How do we do this? As with any leftist theory worth its salt, a socialist program for climate justice law should look to answers already emerging from social struggle. While the details of any given campaign vary, a strategy of climate legal activism unites groups working inside and outside the courts. They combine grassroots resistance with ambitious legal challenges to private property rights, archaic rules of standing, and federal deference to polluting industries — and offer in their place a right to the protection of nature and to democratic control over economic planning.
For example, the battle over the Enbridge Line 3 pipeline in Ojibwe territory in the state of Minnesota has produced radical new ideas about how to adjudicate our use of the environment. Over the course of a decade, resistance by thousands of indigenous-led protesters culminated in direct action to stop the construction of the pipeline, which passes through sensitive wetlands and will lock in demand for tar-sands oil. This campaign was ultimately unsuccessful; the pipeline has been built. But the activists haven’t surrendered. In court — where they face charges like felony theft — some are arguing that their “illegal” interference with oil infrastructure was justified based on protection of wild rice, a plant central to Ojibwe culture and at risk from pipeline spills. These activist defendants claim that wild rice enjoys legal rights of its own, based on treaties between the federal government and the White Earth Band’s recognition of those rights in 2018. A related lawsuit challenging government approval of the pipeline was based on the same premise.
A leftist climate legal strategy can also look to the rest of the world for strategies, especially at a time when the US legal system is fossil law’s foremost bastion. In 2008, Ecuador became the first country to recognize the rights of nature in its constitution, an experiment rooted in indigenous and Afro-Ecuadorian social movements; a similar process has been underway in Bolivia since 2012. Late last year, Ecuador’s Constitutional Court prevented the government from leasing mining rights in the Los Cedros protected forest, finding that such concessions would violate the rights of the reserve’s biodiverse ecosystem.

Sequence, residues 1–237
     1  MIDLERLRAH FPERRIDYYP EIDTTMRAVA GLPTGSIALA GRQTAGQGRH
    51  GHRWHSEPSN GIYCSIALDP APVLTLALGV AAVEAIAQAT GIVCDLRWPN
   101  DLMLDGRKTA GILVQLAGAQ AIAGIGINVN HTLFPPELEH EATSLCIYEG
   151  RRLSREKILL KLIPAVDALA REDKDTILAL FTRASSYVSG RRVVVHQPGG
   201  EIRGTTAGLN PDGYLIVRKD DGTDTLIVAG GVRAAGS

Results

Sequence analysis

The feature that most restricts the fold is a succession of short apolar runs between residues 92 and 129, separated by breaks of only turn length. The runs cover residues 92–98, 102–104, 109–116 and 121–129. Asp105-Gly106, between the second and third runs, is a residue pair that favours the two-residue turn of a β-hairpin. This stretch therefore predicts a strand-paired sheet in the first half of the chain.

Of course, these efforts are not without their limitations and contradictions: the Ecuadorian and Bolivian environmental regimes, for example, have drawn criticism for violations of indigenous sovereignty, and the Rights of Nature movement has yet to prove its practical efficacy or to resolve questions about its reliance on a rights-based theory of change. But the unsettled nature of the project is no cause for abandoning the field. There is a rich tradition of socialist legal theory and practice. The key for leftists is to avoid the twin temptations of legal liberalism (according to which the law leads the way to justice) and dogmatic anti-legalism (which rejects all legal advocacy as accommodationist).
Fighting inside and outside judicial institutions — aggressively arguing for new rights and entitlements in court and directly confronting the fossil fuel industry in the streets — is our best chance to overturn fossil law. And it can be part of a larger effort to challenge the legitimacy of the US legal system in light of the Supreme Court’s increasingly aggressive attacks on democracy, economic justice, and reproductive rights. Break the law, remake the law, and take the law back — only then can we draft the future that we deserve.